Switzerland denies banking deal in principle reached with U.S.

Sun Mar 24, 2013 9:09am EDT
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ZURICH (Reuters) - The Swiss government on Sunday denied a newspaper report that the country had reached a deal in principle with the United States over undeclared funds hidden by wealthy Americans in Swiss offshore bank accounts.

"There is no agreed framework. The negotiations for an industry-wide deal to enable all Swiss banks to draw a line under the matter are ongoing," Swiss government spokesman Mario Tuor said in an emailed statement to Reuters.

Tuor was responding to a report in Sunday's edition of weekly Neue Zuercher Zeitung am Sonntag which said that, instead of an industry-wide settlement for the Swiss private banking industry, banks including Credit Suisse CSGN.VX and Julius Baer BAER.VX as well as all others with U.S. clients would negotiate individual penalties with U.S. officials.

The NZZ am Sonntag cited undisclosed sources in its story.

The Swiss government's comments on Sunday, however, left the door open to an alternative to an industry-wide settlement.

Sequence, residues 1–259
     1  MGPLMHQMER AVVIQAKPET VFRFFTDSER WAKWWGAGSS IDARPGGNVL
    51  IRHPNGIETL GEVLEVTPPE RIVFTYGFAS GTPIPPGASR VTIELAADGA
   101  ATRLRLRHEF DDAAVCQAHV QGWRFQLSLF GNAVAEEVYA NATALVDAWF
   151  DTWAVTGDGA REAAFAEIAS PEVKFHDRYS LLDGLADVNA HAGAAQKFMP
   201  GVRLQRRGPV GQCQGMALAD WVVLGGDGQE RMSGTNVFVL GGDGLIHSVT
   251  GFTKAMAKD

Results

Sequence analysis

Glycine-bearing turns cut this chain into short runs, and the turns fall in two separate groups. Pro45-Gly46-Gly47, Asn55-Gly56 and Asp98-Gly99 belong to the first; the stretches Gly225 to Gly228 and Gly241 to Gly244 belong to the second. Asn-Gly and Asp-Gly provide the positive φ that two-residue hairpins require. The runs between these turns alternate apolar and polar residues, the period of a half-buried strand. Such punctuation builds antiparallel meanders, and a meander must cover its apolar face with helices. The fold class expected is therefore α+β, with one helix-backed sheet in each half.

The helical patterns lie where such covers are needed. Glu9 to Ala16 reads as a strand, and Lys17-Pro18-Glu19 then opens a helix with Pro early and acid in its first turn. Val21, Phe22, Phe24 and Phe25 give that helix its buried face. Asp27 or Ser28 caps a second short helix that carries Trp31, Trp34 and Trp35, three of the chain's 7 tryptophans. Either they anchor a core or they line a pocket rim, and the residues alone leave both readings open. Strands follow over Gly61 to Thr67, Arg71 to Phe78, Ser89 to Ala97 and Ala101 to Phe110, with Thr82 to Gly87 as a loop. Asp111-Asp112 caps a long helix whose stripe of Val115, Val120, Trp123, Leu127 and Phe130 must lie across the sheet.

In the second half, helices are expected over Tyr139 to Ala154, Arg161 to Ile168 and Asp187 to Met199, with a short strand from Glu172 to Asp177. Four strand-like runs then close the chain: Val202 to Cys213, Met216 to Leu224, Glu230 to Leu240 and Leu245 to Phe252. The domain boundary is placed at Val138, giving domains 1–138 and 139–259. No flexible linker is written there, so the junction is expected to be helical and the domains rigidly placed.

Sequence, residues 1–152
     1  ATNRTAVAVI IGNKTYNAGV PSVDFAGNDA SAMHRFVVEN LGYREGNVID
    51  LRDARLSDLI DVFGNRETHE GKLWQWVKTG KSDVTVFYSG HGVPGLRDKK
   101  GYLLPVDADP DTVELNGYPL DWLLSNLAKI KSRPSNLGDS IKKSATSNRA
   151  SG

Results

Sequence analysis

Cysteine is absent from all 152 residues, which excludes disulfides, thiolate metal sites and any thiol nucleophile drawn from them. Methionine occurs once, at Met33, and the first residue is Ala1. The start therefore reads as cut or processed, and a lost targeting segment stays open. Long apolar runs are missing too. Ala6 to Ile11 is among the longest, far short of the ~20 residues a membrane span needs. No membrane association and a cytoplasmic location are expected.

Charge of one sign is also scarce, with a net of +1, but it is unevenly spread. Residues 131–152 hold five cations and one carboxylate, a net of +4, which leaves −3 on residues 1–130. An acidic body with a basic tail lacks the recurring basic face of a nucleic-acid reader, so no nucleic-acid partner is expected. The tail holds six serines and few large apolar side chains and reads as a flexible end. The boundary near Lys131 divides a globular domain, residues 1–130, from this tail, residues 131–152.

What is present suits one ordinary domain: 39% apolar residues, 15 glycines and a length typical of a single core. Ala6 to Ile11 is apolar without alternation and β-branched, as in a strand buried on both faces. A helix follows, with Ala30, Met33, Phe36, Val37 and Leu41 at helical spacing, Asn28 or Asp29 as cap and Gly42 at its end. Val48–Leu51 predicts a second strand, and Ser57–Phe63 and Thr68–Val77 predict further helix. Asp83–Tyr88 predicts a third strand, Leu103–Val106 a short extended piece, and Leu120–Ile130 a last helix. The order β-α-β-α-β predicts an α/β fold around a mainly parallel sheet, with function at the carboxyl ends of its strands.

"The federal council will explore possible solutions in its regular meetings with bank representatives," Tuor said, without elaborating.

The plan outlined by the NZZ am Sonntag would see each Swiss bank with U.S. clients negotiating individual settlements with the United States for its role in hiding untaxed money.

Most of the 13 banks in the crosshairs of U.S. justice officials, which include Credit Suisse and Julius Baer, have said they are already in settlement negotiations.

What is new is that the remainder of Switzerland's more than 300 banks with U.S. clients would have to seek a U.S. settlement individually, according to the NZZ.   Continued...

A logo of the Swiss private bank Julius Baer is seen at the company's headquarters in Zurich, February 4, 2013. REUTERS/Michael Buholzer